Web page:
Eighteen months ago, Andy Miller, a senior at Rice University in Houston, used common parts to invent a lightweight, portable microscope. Battery-operated and weighing only 2 and 1/2 pounds, it has been shown to perform as successful in diagnosing tuberculosis as $40,000 microscopes in hospitals. Cost? Only $220.00.
Carried on site, this low-tech, portable invention will give healthcare workers in developing countries the ability to diagnose disease much faster.
Miller, a bioengineering student, had spent a year in Barcelona. When he returned to Rice, he asked a professor for a design project. Since a team at Rice had been working on a "backpack diagnostic lab," he was asked to build a microscope that could take rough handling, be small enough to fit in a backpack, yet still have the magnification required for diagnostic use. A plus would be if he could make it cheap.
He took the assignment to heart and succeeded in all areas. His working model used flashlights for illumination. The hard plastic shell had a 3D printer and a shelf for a cell phone to slide and capture images to email to labs. The result? The Global Focus Microscope.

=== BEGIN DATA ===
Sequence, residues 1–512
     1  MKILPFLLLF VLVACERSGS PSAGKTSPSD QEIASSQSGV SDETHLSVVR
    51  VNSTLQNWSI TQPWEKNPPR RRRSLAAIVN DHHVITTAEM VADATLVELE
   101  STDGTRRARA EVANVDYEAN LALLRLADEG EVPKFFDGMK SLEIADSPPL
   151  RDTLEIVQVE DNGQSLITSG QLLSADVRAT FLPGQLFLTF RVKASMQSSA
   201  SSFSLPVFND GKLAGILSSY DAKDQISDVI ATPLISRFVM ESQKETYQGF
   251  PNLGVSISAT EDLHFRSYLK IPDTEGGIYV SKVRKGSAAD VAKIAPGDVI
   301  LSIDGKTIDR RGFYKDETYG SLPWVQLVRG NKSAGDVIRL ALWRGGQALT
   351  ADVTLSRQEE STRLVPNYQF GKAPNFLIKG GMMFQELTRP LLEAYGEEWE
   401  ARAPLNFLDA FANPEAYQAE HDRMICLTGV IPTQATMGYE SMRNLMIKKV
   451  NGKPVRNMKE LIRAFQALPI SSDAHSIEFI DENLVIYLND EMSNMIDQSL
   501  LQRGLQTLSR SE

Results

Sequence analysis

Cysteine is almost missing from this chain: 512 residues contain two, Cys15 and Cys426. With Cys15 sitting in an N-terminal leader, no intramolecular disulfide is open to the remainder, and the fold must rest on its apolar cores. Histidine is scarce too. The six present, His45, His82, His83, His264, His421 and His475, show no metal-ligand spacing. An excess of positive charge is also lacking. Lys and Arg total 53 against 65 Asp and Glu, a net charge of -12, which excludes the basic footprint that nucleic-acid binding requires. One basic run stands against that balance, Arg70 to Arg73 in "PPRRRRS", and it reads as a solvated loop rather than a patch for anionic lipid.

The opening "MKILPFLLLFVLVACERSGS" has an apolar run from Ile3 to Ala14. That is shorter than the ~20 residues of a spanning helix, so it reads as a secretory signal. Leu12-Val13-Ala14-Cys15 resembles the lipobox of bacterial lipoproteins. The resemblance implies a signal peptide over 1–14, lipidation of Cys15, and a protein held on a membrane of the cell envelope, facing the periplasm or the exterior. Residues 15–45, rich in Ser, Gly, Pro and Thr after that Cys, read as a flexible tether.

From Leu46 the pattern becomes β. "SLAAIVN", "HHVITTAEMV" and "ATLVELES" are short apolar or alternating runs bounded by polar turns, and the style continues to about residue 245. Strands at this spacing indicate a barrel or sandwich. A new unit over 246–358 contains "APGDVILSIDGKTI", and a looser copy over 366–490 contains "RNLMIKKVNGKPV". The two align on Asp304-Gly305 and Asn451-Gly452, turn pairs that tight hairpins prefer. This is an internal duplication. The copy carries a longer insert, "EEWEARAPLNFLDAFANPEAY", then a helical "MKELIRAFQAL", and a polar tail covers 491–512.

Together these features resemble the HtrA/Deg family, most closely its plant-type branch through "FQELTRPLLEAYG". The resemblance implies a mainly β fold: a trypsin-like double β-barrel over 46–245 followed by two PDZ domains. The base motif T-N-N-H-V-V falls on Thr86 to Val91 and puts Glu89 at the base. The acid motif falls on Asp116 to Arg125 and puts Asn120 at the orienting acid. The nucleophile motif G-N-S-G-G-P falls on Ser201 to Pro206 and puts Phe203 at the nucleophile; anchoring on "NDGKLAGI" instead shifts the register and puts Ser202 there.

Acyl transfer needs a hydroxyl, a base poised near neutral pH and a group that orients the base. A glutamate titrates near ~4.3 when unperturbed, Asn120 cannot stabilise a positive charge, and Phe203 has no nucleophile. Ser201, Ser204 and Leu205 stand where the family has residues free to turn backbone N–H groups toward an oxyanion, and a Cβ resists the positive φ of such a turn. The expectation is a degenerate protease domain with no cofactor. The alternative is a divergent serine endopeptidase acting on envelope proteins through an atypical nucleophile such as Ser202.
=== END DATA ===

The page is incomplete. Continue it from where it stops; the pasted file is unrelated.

Small enough to fit in a lunch box and with 5 screws to attach the shell to the body, it magnifies 1000 times. When tested, it had a 98.4 percent success rate compared to a hospital's sophisticated instruments.
In countries where adequate healthcare and testing facilities can be great distances from towns and villages, this microscope will allow people to be tested and treated much sooner. Since more than a million people die of TB each year in Africa, Asia, and South America, this microscope may prove to be a miracle that can mean the difference between life and death.
Miller didn't name his invention, currently in production, the Miracle Microscope, but perhaps he should have.